Violette is a somewhat sympathetic character, but she is simultaneously portrayed as difficult, selfish, and hard to please. Her incessant hand-wringing and inability to psychologically surmount her illegitimacy, her troubled relationship with her mother, and her emotional rejection by De Beauvoir and others can prove somewhat challenging in a film of 139 minutes, especially when her life makes great strides for the better and she continues to find reasons to despair and be dissatisfied.

 

Despite her mother Berthe (Catherine Hiegel) cutting a formidable dash and holding the burden of responsibility for Violette’s low self-esteem and loveless childhood, there are occasions when she is caring and attentive to her daughter, and Violette’s inability to either acknowledge or allow herself to enjoy the maternal tenderness she has been so lacking further demonstrates her complexity and contributes to the, at times, perplexing viewing experience. When a character declares, “I’m scared of dying and sorry for being in the world”, it is difficult for the viewer to envisage any progression. However, DeBeauvoir makes her best endeavours, declaring, “Screaming and sobbing won’t get you anywhere. Writing will”.

 

If both Violette and DeBeauvoir are for the most part difficult to warm to, they are nevertheless intriguing characters who are the subject of excellent performances by both Devos and Kiberlain. In addition, there is much pleasure to be found in the beautiful exposition of both Violette’s natural surroundings and the act of writing itself. She seems to find solace in immersing herself in both, and as a result these scenes prove the most enjoyable, not only because they are visually striking, but they show an anguished character experiencing the happiness any viewer would desire for her.

 

As with any biopic, certain parts of the character’s life can only be alluded to, and Provost’s film certainly has this writer interested in learning more about its troubled protagonist and her works. If Violette can be challenging at times on account of Leduc’s outlook, and unnecessarily long at 139 minutes, its rewards lie in its visual beauty, exposition of the art of writing, and intriguing subject matter.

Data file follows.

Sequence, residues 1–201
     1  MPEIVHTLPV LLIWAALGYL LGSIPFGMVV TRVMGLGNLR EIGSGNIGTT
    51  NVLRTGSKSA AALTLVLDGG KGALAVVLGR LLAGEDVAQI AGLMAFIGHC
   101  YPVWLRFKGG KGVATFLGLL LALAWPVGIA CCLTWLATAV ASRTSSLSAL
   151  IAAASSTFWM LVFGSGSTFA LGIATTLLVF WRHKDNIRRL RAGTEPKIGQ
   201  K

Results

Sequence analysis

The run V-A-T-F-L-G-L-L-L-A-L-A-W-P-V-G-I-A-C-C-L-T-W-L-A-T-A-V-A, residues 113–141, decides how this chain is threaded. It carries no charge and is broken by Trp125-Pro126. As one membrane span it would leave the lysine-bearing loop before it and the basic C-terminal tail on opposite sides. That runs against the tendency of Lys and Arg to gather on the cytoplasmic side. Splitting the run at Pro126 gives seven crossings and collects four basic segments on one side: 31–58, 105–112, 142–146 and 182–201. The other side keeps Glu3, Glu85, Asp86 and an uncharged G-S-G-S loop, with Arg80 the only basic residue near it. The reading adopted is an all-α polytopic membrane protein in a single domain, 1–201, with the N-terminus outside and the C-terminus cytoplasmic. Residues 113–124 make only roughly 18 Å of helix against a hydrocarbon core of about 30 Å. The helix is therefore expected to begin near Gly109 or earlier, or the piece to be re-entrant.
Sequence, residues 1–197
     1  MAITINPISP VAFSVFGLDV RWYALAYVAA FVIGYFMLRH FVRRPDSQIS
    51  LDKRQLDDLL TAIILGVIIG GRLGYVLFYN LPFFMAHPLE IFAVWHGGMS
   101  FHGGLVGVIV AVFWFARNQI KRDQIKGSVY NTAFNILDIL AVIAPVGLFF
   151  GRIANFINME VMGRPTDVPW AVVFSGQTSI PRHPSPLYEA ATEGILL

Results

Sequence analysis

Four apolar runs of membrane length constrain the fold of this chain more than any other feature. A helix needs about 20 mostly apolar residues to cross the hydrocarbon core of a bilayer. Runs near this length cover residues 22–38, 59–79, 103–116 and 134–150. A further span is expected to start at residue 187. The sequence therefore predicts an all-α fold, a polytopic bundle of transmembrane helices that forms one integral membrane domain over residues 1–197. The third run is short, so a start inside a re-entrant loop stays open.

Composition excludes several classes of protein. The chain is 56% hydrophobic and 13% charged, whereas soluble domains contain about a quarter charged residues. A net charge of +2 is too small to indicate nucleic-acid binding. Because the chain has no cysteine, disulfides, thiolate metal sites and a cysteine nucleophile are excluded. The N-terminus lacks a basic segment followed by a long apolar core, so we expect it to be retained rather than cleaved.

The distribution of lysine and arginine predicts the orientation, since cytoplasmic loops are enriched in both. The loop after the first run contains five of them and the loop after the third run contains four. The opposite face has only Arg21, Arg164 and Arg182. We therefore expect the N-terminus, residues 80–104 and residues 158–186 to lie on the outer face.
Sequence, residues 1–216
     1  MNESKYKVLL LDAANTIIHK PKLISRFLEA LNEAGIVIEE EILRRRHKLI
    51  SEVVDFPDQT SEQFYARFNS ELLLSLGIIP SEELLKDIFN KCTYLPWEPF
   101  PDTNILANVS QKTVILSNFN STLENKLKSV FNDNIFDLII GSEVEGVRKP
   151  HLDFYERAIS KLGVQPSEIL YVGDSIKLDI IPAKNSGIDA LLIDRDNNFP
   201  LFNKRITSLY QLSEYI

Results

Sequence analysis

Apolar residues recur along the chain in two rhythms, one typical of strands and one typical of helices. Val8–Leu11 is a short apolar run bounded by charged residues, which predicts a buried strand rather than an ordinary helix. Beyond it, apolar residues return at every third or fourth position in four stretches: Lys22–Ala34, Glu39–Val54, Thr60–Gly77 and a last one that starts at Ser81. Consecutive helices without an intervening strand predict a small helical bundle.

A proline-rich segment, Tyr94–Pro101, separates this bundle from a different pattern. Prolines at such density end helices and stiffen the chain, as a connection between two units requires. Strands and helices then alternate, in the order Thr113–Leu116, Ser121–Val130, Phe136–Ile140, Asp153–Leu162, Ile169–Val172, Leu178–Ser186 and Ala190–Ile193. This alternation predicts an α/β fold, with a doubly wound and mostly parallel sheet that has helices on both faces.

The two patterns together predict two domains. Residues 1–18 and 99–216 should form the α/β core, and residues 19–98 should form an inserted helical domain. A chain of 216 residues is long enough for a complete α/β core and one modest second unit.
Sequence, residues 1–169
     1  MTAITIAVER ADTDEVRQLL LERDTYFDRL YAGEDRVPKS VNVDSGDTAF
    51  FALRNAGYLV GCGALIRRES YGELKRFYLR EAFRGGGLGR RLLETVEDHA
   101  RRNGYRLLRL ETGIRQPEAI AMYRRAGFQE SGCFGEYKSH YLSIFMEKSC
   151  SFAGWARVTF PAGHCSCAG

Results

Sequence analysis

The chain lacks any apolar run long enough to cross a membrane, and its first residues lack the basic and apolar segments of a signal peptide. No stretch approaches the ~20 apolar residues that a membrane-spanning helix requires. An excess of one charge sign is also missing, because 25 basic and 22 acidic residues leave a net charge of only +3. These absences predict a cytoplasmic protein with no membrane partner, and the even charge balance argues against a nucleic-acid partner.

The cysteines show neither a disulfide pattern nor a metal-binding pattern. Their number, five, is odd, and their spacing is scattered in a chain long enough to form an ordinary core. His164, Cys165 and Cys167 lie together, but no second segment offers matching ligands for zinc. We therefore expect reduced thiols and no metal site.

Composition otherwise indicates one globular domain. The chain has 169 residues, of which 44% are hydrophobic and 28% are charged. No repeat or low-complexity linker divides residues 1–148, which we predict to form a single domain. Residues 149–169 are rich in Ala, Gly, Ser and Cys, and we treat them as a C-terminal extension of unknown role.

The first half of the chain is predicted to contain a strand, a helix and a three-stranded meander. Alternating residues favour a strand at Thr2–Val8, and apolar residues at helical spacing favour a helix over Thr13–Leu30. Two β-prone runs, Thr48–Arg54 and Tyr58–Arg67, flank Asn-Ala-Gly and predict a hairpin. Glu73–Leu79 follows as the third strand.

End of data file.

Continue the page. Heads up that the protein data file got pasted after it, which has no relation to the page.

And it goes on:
Emma Hynes

15A (See IFCO for details)

138 minutes

Violette is released 3rd October 2014

 

 

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Pulp: a Film about Life, Death & Supermarkets

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Emma Hynes wheels a trolley through the aisles of Florian Habicht’s film that captures both the essence of the band Pulp and their 2012 return to Sheffield to play out their final ever concert in the UK.

 

In 2011, Pulp fans were euphoric to learn that the band would embark on a series of concerts after a nigh on ten year hiatus. In 2012 the tour would conclude with a performance in their home town of Sheffield, director Florian Habicht (Love Story, 2011) would be on hand to document it, and the result is Pulp: a Film about Life, Death and Supermarkets. Opening the acclaimed Sheffield Doc Fest on 7th June, the film was screened simultaneously in over 100 cinemas across the UK and Ireland, and followed by a live Q&A with both band and director.